Illustration for article titled There Is So Much Death In emThe 100/em. So. Much. Death.

And while this is all going on, Wells is getting a verbal assault from his one true friend, Clarke. Not a minute goes by where Clarke doesn't sneer at Wells and tell him he's garbage, or that she hates him. There are scenes where Clarke is absolutely tripping over herself to tell Wells that he is the worst. Which, in teen sex drama means, Wells is NOT the worst. It actually means that Wells is the best. And low and behold, Wells is the best. For "reasons," Wells decided to let Clarke think that it was he who ratted out her father thus forcing his execution, but in reality, it was her mother. Which is a totally a thing that a teenager would do. The second this was revealed, I knew that Wells was not long for this New Earth. And he wasn't.

In the biggest twist of all, the little girl who was struggling with nightmares about watching her only parents turn into corpsicles thanks to The Chancellor decides its time to "slay her demons." And puts a knife into Wells' neck, so she can find her inner peace. WELL DONE. I did NOT see this coming — I knew Wells was gonna die, as this is teen law, but I had no idea how. And why not this way? When you run a society entirely built on death, death, death what you get in return shall be death, death, death. Even from cute little girls with braids in their hair. She watched her parents die, now she will watch you die, Wells. Die for your father's sins — and because you forced people to watch American MLS.

I gotta tell you, I'm digging this show. Just when I think it's too predictable, it sends a toddler to murder Wells. Until next week, I hope you all made a Party Down joke when the teens stuck in the car were asked, "Are we having fun yet?"


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This show drives me nuts. I know is it objectively terrible, and yet I can't look away. It's like a train wreck made entirely of Abercrombie & Fitch models.

For the love of dog, are the people on the Arc ever just chronically, hopelessly stupid. Not just individually, but on a societal level, from top to bottom.

First off, if you're really worried about the end of the human race, you really shouldn't be so quick to murder anyone over the age of consent for any and all crime. Or if you are, you should at least be harvesting their reproductive cells prior to execution and storing them someplace for IVF or something down the road, otherwise you're just perpetually shrinking your already piss-poor gene pool. But no, not only do they just blast them out an airlock, but it doesn't matter if the guy getting shot into space happens to be the best engineer remaining on your old, broken-down space station.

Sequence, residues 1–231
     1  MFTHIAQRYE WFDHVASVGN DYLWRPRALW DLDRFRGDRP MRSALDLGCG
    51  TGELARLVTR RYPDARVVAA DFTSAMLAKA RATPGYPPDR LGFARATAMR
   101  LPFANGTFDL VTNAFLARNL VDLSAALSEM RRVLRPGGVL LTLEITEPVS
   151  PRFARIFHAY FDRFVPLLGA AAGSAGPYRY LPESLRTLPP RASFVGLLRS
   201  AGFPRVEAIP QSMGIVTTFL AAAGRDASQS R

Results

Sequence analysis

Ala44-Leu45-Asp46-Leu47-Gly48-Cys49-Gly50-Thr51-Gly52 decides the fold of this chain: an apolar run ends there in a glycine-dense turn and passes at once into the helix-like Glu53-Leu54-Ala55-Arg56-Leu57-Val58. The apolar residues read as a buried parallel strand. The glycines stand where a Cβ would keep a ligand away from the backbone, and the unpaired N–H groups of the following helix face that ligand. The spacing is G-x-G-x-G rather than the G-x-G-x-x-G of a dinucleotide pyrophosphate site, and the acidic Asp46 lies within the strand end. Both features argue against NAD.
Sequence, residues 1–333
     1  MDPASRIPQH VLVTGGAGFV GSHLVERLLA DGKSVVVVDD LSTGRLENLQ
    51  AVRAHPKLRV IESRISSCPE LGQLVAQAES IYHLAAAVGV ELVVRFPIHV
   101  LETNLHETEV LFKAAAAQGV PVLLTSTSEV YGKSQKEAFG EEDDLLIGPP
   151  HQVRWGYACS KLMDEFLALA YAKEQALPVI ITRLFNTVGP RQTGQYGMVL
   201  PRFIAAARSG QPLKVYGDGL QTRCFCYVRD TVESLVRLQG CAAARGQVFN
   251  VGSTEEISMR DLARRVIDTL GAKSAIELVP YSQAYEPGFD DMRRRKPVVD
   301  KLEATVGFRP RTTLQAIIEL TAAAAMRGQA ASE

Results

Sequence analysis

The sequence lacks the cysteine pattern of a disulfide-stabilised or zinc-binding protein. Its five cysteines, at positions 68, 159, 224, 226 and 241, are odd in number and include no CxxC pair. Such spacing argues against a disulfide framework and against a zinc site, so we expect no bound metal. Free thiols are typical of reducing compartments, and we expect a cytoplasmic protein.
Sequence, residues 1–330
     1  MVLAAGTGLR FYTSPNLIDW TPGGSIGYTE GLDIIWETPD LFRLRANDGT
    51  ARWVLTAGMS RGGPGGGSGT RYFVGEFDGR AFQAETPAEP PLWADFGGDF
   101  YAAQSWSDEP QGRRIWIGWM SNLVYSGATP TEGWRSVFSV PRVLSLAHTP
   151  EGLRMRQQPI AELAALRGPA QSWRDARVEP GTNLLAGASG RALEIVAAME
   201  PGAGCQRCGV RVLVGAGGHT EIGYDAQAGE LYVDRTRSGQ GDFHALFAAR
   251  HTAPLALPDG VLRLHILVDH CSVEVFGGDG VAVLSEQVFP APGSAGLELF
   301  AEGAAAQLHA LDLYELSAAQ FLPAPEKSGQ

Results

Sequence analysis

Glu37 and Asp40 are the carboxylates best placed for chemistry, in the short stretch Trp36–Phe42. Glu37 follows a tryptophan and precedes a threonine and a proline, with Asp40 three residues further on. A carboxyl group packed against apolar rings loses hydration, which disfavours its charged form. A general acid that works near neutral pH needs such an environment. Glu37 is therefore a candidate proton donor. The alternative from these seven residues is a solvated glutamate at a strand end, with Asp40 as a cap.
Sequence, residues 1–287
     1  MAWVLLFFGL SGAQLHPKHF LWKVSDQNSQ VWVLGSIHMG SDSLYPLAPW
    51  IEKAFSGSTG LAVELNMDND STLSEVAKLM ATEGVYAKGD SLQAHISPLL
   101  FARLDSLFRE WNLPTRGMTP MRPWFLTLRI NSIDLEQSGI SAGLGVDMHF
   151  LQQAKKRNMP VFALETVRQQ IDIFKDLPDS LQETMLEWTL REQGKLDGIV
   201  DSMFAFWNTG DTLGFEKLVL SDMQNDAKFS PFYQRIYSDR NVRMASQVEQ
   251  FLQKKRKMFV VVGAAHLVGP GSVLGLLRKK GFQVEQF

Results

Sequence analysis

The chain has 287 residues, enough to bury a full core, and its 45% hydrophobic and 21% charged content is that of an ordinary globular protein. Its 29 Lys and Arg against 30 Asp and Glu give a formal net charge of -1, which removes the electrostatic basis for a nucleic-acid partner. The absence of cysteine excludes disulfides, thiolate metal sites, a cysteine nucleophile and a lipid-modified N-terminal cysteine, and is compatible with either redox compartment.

And if you are going to kill them, isn't launching them out an airlock which you haven't even pumped the atmosphere from first just about the worst way to kill somebody for a society that is already running out of air? Every time they 'float' somebody they're dumping around 3 cubic meters of atmosphere into space with them. How does that make even a little sense? Wouldn't you be better served, say, drowning them and then processing the remains into fertilizer or something?

Your grand plan for saving yourselves is to send a boatload of juvenile delinquents down to earth to scout around and maybe get things ready for everyone else? What? They have DVR copies of MLS matches from 100+ years prior, but nobody has read a copy of Lord of the Flies? How did they really think that was all going to work out, really?

How are you living in orbit, in a space station capable of maintaining thousands of people, but you're unable to notice the frequent giant acid fog/radiation/lightning tornadoes that blow yellow death around right near the drop zone for you child saviors?

Yeah... if they are the last, best hope for humanity, then maybe extinction isn't such a bad option.

The kids are no better. Yet still, I watch...